Where was I? Let me see if I can ketchup. Okay, really. Now I'm done.

There were still plenty of good jokes and fun surprises in this volume, and the Kiddo was laughing out loud. Really, this was a solid, if slightly flawed start to a series that gets better from here.

Rating: 7/10

Sunday, August 12, 2018

Magic: The Gathering #4

We're back in Shanghai, and I brought about 50 or so comics from the random box of unread comics in our storage unit to add to the supply we have here. This comic comes from that batch.

Title: Magic: The Gathering
Issue: 4
Date: March 2012
Publisher: IDW Publishing
Writer: Matt Forbeck
Artist: Martin Coccolo, Christian Duce
Colorist: J. Edwin Stevens, Baileigh Bolten
Letterer: Shawn Lee
Editor: Carol Guzman
Cover: Karl Kopinski

Hero isn't ready to fight villain. Villain threatens innocent townspeople. Hero bravely fights villain. Villain is winning. Help arrives for the hero in the nick of time.

I'm pretty sure I mentioned (in my review of the second issue) that this story feels very generic. (Note, I also reviewed #1 here; I apparently skipped #3, but that does not seem to have been a problem).

Unfortunately, with the big confrontation between reluctantly heroic planeswalker Dack Fayden, and evil planeswalker Sifa Grent taking up all of this issue, there really isn't a chance for much character development, or even to see more aspects of the Innistrad world beyond "generic gothic horror setting".

There was nothing terrible about this. The art was good. The use of a purple wash to convey "night" looked a bit odd but the visual storytelling was generally fine. There was some action and heroism, but in the end the story was just not all that special or memorable.

Rating: 5.5/10

Saturday, August 11, 2018

The Unbeatable Squirrel Girl Volume 2: Squirrel You Know It's True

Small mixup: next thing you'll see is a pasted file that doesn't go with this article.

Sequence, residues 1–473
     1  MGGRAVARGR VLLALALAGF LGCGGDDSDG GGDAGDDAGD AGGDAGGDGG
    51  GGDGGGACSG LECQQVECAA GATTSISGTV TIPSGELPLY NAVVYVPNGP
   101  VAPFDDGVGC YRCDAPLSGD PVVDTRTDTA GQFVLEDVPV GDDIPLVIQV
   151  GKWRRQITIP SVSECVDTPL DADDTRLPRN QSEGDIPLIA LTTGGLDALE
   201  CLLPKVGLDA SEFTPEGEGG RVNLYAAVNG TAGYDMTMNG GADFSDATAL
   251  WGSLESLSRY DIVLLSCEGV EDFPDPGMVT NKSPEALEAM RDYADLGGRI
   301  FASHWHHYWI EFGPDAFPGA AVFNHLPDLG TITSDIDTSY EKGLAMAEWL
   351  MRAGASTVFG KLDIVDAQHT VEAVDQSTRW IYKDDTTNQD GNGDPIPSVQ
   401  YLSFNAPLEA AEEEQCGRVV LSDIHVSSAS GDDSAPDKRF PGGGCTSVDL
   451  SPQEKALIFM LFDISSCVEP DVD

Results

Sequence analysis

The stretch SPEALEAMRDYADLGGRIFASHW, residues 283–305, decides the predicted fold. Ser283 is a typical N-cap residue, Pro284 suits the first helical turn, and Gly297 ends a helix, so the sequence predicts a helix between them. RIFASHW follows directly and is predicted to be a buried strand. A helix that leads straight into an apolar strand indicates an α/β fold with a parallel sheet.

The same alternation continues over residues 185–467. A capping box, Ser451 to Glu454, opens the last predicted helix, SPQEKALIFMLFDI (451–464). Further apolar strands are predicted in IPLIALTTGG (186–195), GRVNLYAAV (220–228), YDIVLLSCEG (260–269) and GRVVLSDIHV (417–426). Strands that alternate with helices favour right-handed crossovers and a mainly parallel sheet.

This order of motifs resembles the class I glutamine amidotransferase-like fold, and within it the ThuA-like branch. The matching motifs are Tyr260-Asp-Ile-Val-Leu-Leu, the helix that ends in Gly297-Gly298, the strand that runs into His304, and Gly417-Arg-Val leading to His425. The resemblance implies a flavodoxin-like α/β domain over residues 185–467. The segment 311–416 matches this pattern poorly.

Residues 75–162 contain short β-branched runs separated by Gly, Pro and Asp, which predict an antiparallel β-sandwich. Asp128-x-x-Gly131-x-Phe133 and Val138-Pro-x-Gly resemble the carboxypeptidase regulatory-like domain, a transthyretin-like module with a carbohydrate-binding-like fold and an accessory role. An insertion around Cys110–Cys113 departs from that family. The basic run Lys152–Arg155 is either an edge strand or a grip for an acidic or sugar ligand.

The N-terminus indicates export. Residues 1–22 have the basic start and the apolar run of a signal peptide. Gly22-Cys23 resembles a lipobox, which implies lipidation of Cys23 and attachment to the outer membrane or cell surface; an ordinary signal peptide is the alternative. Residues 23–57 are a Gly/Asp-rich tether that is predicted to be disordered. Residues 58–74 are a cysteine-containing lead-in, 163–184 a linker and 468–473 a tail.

I got this at Ryan North's signing at Port Con Maine in Portland ME USA, June 2018.

Title: The Unbeatable Squirrel Girl
Issue: Volume 2: Squirrel You Know It's True
Publisher: Marvel Comics
Date: 2015
Writer: Ryan North, Dan Slott
Artist: Erica Henderson, Matt Haley, Kieron Dwyer, Ty Templeton, Eloise Narrington
Colorist: Rico Renzi, Erica Henderson, Laura Villari, Jorge Maese
Letterer: VC's Clayton Crowles, Dave Lanphear
Cover: Erica Henderson
Editor: Jon Moisan, Wil Moss, Tom Brevoort, Lauren Sankovitch

The opening story in this volume, with a group of hostages describing various alternative versions of Squirrel Girl, didn't do much for me, but things improved considerably with the introduction of Ratatoskr, the Norse trickster squirrel-god. From there it was Asgardian fun straight to the end. The new supporting characters, Chipmunk Hunk and Koi Boy had some amusing moments, but as in the first volume, Doreen's roommate Nancy totally steals the show. Nancy getting to go to Asgard was easily worth the price of this whole book.

There were plenty of funny moments with Hippo, Loki, Cat-Thor, and perhaps a bit more database theory then you really wanted to know. The reprint backup features featuring Squirrel Girl and the Great Lakes Avengers had a few laughs as well.

This was an amusing follow-up to the first volume and I look forward to reading more.

Rating: 7.5/10